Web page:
Backgammon is one of the oldest games in existence. It’s estimated to be around 5,000 years old and was mentioned in written history by the Sumerians in Mesopotamia. King Tutankhamun was rumored to have played this game at one point.
Let that sink in.
Here we have this game, installed on just about every computer and available in every store, that was played in the Mesopotamian era. What’s more, it’s still a pretty good abstract strategy game and it stands the test of time. My takeaway here as that Backgammon is the great-great-great-great-etc. grandfather of every game we play.
Checkers is a straightforward abstract strategy game for 2 players. Like a lot of games from antiquity or the medieval times, there is no theme per se, just a simple arrangement of pieces that follow some rules and allow for a battle of wits. These days it’s one of the first games that young children learn and it can be found outside of every Cracker Barrel restaurant sitting on wooden barrels. (It’s not as hard as the peg game, though…)
I’ve seen a lot of arguments online about whether checkers is a game of subtlety and nuance or a game of brutish simplicity. As for myself, I’ll readily admit its been many years since I’ve played the game. Whether you play all the time or remember the rules 40 years after you last played a game, you have to admit checkers has one astounding quality. It’s a tremendous game to teach children. If you want to start children out with a brainy game, checkers is a good place to start. Raise ’em up right!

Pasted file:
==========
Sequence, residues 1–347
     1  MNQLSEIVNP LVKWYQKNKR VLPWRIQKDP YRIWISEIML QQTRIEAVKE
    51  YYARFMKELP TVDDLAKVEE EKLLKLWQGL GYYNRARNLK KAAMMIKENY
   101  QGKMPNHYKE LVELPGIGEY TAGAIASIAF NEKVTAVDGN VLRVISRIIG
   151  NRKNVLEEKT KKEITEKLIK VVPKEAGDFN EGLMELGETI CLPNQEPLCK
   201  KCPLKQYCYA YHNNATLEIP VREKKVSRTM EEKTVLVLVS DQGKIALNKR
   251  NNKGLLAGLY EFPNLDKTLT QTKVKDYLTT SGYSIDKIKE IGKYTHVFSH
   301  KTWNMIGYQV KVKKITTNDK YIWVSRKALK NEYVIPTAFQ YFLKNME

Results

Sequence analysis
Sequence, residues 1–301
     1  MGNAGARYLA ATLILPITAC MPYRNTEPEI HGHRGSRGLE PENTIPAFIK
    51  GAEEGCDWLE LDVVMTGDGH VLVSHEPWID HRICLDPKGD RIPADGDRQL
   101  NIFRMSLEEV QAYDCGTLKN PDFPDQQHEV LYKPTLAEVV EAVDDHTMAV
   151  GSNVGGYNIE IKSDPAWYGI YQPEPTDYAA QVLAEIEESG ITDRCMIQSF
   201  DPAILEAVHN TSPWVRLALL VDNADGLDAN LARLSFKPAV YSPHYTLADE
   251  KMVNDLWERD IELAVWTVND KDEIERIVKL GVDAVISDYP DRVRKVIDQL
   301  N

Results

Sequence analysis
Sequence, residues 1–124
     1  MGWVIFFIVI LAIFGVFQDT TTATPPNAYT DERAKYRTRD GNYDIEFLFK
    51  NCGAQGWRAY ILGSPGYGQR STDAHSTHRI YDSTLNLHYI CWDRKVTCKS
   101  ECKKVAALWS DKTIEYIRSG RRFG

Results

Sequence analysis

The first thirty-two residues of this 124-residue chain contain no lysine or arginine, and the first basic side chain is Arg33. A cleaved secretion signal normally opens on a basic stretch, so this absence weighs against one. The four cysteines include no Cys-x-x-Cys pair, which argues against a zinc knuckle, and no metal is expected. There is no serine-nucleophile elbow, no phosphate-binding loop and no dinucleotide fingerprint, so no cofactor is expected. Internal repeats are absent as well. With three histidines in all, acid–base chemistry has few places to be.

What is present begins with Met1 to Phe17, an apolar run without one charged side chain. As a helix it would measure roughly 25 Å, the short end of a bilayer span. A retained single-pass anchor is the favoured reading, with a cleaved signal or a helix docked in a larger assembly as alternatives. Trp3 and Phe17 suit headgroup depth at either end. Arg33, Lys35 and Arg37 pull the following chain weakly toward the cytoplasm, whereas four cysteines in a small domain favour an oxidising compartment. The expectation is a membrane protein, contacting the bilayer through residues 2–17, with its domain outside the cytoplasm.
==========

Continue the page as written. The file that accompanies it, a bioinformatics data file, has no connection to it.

Last but certainly not least, the best-selling game of all-time is Chess. It’s for great reasons, too. Chess has variable player powers, a sophisticated area control foundation, and endless possibilities of play. It’s captivated people from Humphrey Bogart to Joseph Stalin to the RZA. One could write volumes on the contribution of chess to the gaming community and to the world at large. I’ll keep it simple.
Chess has given us communities. It’s given us diehard fans who tweak their strategies, obsess, and seek ways to better themselves. Like no other game before it, chess has stoked passion and earned love. Chess has made livelihoods and Chess has caused deaths.
Try saying that about the latest CMON game 😛